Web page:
[UPDATE] I went back to check something and it turns out the story is true! Well done BBC. The search is now for an attractive young woman with -- I would guess -- a Scottish or Welsh accent and the ability to read an autocue for £100K per annum.

In the future, everyone will be famous to fifteen people.
[posted with ecto]

Saturday, June 19, 2010


I was listening to Johnnie Walker's "Sounds of the 70s" on the plane earlier and he said something like "does anyone remember Dylan at Blackbushe in 1978?" Do I!! I can say without a shadow of a doubt that not only can I remember it, I remember it as one of the happiest days of my entire life! It wan't just Dylan, but Dylan and Clapton, a perfect day that finished with us running out of petrol on the M3 at 4am. On the show, when people emailed in their memories, the sttendance was reported as a quarter of a million! Could this be right? They also said Joan Armatrading and Graham Parker were there, which I didn't remember at all so I went and googled it and sure enough they were there, although I genuinely have no memory of them at all. There's a Blackbushe Festival site that has a few pictures and I looked them and began to wonder about how our kids will look back on things like that: not with warm, fuzzy, hazy memories of a great time but through the prism of the interweb, with detailed text, pictures, video on Flickr and Facebook. Isn't it better to -- sometimes -- not be able to remember things properly?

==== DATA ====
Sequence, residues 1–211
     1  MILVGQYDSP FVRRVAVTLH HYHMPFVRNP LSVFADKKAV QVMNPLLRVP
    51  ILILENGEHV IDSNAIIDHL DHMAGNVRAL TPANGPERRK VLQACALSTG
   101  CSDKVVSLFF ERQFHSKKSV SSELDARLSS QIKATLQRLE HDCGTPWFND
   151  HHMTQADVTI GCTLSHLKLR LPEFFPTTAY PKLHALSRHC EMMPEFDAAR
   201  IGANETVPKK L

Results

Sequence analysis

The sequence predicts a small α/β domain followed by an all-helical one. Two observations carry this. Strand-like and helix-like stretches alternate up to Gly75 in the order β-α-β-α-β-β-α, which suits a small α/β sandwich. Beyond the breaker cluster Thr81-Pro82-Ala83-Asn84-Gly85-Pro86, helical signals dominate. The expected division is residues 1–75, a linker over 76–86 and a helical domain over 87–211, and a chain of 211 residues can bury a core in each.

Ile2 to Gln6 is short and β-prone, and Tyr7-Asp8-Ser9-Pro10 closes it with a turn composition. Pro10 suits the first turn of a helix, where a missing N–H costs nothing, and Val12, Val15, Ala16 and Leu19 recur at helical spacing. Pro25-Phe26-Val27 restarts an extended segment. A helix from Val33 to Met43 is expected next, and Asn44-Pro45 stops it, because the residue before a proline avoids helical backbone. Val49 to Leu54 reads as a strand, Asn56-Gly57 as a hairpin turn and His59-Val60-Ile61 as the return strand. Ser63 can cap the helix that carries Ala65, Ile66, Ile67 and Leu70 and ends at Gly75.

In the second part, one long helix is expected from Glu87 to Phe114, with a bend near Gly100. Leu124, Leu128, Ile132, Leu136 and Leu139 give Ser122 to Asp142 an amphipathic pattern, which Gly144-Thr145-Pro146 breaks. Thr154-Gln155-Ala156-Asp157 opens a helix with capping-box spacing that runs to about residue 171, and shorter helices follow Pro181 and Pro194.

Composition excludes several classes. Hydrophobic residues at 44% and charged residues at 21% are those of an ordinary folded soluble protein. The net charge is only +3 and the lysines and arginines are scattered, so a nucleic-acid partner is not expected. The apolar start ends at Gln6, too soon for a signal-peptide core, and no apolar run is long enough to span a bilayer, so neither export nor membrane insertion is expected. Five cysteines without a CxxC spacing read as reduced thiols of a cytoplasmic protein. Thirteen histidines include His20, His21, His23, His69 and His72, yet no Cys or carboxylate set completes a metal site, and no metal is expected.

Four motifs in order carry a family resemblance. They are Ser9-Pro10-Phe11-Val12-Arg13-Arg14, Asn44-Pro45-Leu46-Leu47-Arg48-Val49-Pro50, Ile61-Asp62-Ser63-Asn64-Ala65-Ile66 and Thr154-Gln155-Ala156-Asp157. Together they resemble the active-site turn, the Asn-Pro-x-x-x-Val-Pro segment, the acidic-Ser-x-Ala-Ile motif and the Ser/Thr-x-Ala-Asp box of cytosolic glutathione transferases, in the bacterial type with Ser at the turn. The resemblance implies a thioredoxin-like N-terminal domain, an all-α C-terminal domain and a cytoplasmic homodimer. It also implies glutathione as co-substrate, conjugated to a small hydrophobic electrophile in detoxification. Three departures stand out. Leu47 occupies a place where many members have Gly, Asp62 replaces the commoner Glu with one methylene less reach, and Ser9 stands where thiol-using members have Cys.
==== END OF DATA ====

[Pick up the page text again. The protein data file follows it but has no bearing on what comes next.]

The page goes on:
In the future, everyone will be famous to fifteen people.
[posted with ecto]

Tuesday, June 08, 2010

Acquaintances reunited

Well, I signed up for my 30 year university reunion and I'll be going along in September. It's going to be fun to catch up with people, of course, but I have a slight worry that it's going to be a little sad too, because all of the great memories I have of most of these particular people are of them when they were young (that includes me, too!) and I wonder if seeing them all in their fifties will plunge me into mid-life crisis. It's definitely a risk. Perhaps there's some kind of insurance policy?.

Anyway, having agreed to it, I've realised that I've now only three months to lose weight and get a better job. Oh, the pressure.

In the future, everyone will be famous to fifteen people.
[posted with ecto]

Saturday, May 29, 2010


Excellent news for eco-warriors everywhere. The noted actor Mr. Jeremy Irons has become a green campaigner, and will be tirelessly raising awareness on sustainability. He starred in one of my all time favourite films, Dead Ringers (which included one of most disturbing movie lines ever uttered: "they're gynecological instruments for operating on mutant women"), and was the voice of the baddie (of course, because he's English) in the Lion King, which I must have seen a thousand times when the boys were little.

Launching himself as a green campaigner, Irons has revealed plans to make a documentary about sustainability and waste disposal, likening himself to Michael Moore, the controversial film maker, although “not as silly”.